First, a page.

I am in my late 20s and got married last summer to my boyfriend of almost six years. We are often told we're the "Barbie and Ken" everybody longs to be and that people would kill to have what we do. I can see where they get these assumptions, based on outward appearances, but what nobody knows is that I am lifeless inside. I realized, even before the wedding, I had fallen out of love with "Stan" quite a while ago. At least that is what it feels like. I am not into sex, I don't get excited to see him, and I don't miss him when we are apart. When I figured all this out, our families and the pressure from our friends kept me from backing out of the marriage. I relented and put on a smiley face. Prudie, he is a great, handsome guy. Any girl I know would take him in a second. He is honest, faithful, great with money, and most of all he loves me more than anything. We don't have major arguments, only bickering, and he knows nothing of my feelings. I can either continue this way, showing little emotion and pretending I can rekindle what was, or be honest with him and let him know I need to leave in order to allow him to rebuild his life without me. I rack my brain every morning thinking how to tell him. And I know people will tell me I'm crazy. Can you please tell me what to do?

—Lost in CA

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Dear Lost,

The first thing to do is discount how wonderful other people think your marriage is. It doesn't matter what they think; you did not get married as a favor to them. Granted, it is easier to undo from a skunk instead of a great guy, but this great guy may have been a mistake—for you. It is somewhat hard to track how you put in six years before you figured this all out, but maybe that's a project for a therapist. You really ought to go see a professional to understand the dynamic at work here. You may well wind up leaving the marriage, but you might also unearth some factors you had not been aware of.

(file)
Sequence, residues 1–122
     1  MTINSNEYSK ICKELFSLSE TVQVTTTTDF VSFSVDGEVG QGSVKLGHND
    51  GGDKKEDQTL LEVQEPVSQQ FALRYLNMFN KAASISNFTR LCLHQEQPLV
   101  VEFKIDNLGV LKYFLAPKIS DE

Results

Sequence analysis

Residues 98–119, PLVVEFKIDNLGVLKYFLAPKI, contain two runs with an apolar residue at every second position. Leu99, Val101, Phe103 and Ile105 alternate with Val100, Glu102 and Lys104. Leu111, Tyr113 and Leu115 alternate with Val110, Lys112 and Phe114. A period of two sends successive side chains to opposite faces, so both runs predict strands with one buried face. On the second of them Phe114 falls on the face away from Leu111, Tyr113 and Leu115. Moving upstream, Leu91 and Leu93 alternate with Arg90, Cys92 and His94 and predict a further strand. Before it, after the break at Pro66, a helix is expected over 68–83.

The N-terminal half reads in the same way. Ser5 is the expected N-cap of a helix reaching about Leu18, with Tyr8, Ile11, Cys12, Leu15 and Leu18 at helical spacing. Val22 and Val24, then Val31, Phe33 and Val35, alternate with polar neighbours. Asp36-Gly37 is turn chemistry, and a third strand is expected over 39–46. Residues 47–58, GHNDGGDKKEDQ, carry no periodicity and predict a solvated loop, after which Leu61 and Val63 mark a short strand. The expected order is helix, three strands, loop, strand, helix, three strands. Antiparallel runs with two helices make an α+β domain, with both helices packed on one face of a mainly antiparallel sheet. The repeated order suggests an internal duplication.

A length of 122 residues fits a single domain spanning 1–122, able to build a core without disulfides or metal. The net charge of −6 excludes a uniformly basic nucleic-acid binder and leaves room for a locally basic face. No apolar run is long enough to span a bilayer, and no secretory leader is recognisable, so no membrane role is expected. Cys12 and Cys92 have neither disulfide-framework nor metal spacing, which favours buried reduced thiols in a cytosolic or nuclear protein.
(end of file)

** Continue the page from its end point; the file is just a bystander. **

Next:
—Prudie, psychologically

Dear Prudence,

I have been involved with a man for several years now, five to be exact. We have gone over the necessary topics in a relationship and decided things would be better if we waited a few years until he completed his education (MBA), then settled down and went from there. Well, "Jake" has been finished with school for a year now, and I want to know what the status is with us. He keeps telling me he needs to be established in work so we can live comfortably—whatever that means. We live across the country from one another and see each other once a month. Our status is a topic that is avoided until he is intoxicated, and then he "forgets" about the conversations when he sobers up. I realize he is busy traveling for work, but if I am important, then he needs to let me know. At times I feel like we are having an affair because he is "married" to his work. Should I be patient and wait for his move or demand some sort of answer now? I am not getting any younger, and I need to move on if he's never going to get off the dime.

—Antsy

Dear Ant,

Alas, you've gotten your answer. The drunk Jake says it's a done deal, but the sober one keeps moving the goal post. Prudie happens to think differing drunk and sober conversations should be a deal-breaker, but what may have even more meaning for your future is the married-to-his-work factor. You would be wise to think about that, as it seems to be a great irritation to you NOW. Prudie also thinks it's not a good sign if you have to work at getting a guy to marry you. You might give serious thought to forgetting about the ultimatum and listening to what the sober Jake is telling you.

—Prudie, historically